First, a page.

The Book of Psalms

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There are 150 psalms in the Book of Psalms that were written over the span of 800 years. Most of the Psalms written were made to be sung. There are two main genres of Psalms, which are laments and hymns. David is know to have written 73 psalms, Asaph wrote 12, the sons of Korah wrote 11, Solomon wrote 2, Moses wrote 1 and 50 are anonymous . Although 50 were anonymous, David was certainly the author of the majority of the Psalms.

The title of the Psalm is not always a direct indicator of who the author was because the preposition “of,” “to,” and “for”. They are all the same in Hebrew. For example, if the title of the psalm was “Psalm of David” it could have been a psalm that he wrote himself. It also could have been one that was written for him, “Psalm for David” or it could have been a song dedicated to him, “Psalm to David.” The most natural thing to assume however is that the titles do indicate authorship because if the psalm was written by David then his name would be on it as the author(Halley, 247). If the psalm was written to David it would include David’s name, but it could also include the name of the author. David is said to be the principle author for psalms. The purpose of the Psalms that David wrote was to sing praises to God and give God the glory for all of his creations. David also wrote songs of lament, as did many of the other psalmists.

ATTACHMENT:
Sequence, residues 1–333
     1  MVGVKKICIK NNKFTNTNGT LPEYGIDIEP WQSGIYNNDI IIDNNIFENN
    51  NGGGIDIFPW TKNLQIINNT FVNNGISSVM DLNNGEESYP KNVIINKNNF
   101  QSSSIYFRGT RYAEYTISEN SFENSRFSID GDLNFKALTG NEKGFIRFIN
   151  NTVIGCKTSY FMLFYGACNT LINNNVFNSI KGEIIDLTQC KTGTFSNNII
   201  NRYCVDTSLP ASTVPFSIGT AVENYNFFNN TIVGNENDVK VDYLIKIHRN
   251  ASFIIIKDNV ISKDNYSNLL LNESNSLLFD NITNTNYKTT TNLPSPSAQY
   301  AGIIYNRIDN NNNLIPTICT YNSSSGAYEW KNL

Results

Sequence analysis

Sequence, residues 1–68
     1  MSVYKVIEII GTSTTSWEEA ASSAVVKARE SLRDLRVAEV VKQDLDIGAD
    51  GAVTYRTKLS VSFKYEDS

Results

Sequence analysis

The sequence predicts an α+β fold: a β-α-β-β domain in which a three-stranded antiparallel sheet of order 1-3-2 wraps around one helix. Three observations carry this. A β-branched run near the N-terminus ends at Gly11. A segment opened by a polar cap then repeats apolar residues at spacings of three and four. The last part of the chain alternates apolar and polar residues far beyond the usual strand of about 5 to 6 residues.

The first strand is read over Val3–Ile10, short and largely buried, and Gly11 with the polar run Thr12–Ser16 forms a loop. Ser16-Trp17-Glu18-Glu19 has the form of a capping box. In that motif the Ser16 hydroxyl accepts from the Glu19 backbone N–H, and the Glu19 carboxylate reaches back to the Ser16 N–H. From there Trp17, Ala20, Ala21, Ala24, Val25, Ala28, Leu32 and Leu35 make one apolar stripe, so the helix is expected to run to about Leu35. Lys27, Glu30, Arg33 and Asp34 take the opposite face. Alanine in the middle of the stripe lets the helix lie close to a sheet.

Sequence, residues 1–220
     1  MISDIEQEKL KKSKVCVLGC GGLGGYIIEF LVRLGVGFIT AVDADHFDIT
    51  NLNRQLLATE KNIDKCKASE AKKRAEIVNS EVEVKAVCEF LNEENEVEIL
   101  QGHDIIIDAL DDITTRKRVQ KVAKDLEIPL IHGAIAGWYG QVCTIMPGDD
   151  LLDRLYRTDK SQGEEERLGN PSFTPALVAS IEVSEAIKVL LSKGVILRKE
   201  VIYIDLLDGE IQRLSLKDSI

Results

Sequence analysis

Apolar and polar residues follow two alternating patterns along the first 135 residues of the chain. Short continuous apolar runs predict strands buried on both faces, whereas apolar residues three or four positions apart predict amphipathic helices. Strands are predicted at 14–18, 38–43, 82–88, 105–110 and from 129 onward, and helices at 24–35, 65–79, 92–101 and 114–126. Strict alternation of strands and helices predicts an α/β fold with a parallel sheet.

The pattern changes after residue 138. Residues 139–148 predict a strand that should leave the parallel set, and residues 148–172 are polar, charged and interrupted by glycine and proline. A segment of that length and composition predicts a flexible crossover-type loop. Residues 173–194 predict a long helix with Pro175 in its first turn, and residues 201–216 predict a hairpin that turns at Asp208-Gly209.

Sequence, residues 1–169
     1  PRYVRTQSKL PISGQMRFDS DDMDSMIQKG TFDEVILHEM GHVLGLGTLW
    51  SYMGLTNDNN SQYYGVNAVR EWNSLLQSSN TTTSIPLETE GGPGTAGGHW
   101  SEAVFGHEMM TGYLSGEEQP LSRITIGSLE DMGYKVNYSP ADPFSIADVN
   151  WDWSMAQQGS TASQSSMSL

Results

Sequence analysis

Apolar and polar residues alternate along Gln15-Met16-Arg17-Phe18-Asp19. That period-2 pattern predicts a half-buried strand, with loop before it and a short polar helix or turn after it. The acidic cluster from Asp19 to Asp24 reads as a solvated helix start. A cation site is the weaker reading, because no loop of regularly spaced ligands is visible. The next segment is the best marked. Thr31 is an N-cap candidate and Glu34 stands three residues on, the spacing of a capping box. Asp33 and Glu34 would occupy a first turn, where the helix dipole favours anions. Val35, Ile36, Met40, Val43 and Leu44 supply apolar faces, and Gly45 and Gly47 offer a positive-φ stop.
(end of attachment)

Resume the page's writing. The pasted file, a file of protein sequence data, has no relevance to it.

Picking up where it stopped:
Psalm 15 is an entrance liturgy because it follows a simple question and answer form. Many of the Psalms are written in this format . Thomas Jefferson called this psalm the picture of a true gentleman . Psalm 15 is a Davidic psalm and a perfect picture of what a true citizen of Zion, the City of David, should be. When David was writing this poem he focused on who may dwell in the Lord’s Sanctuary in the city of Zion. “This Psalm explains who is worthy to be a ‘guest’ of the Lord. The psalmist delineated the flawless character of one who is fit to worship in the Lord’s Sanctuary.” David asked the spiritual question of who could worship in God’s dwelling place (Pfeiffer,573). He then went on to describe what kind of person is capable of going to the temple on the holy hill.

Psalms 15 starts out with two simple questions. The psalmist asks God who is worthy to abide in God’s tent and who is worthy to dwell on God’s holy hill. In the first question it is important to note that the psalmist is...

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...only way for a person in the Old Testament to commune with God was after they gave a sacrifice. Jesus was the ultimate sacrifice and after he died it was no longer necessary to give these blood offerings to commune with God. Jesus was know to be very fond of the Psalms and often taught out of them for a very good reason.


Coogan, Michael, Marc Brettler, Carol Newman, and Pheme Perkins, ed. The New Oxford Annotated Bible. 3rd ed. New York: Oxford University Press, 2001.

Halley, Henry. Halley’s Bible Handbook. Grand Rapids, Michigan: Zondervan Publishing House, 1927.

Mays, James. Psalms. Interpretation, A Bible Commentary for Teaching and Preaching. Louisville : John Knox Press, 1994.

Pfeiffer, C.F. The Wycliffe Bible commentary: Old Testament (Ps 15:1-5). Chicago: Moody Press, 1962.

Reyburn, William, and Robert Brancher. A Translators Handbook on the Book of Psalms. New York: United Bible Societies, 1991.

The New Interpeter's Bible; A Commentary in Twelve Volumes. Nashville: Abingon Press, 1996.

Walvoord, J.F. The Bible knowledge commentary: An exposition of the Scriptures (Ps 15:1-5). Wheaton, IL: Victor Books, (1983-c1985).
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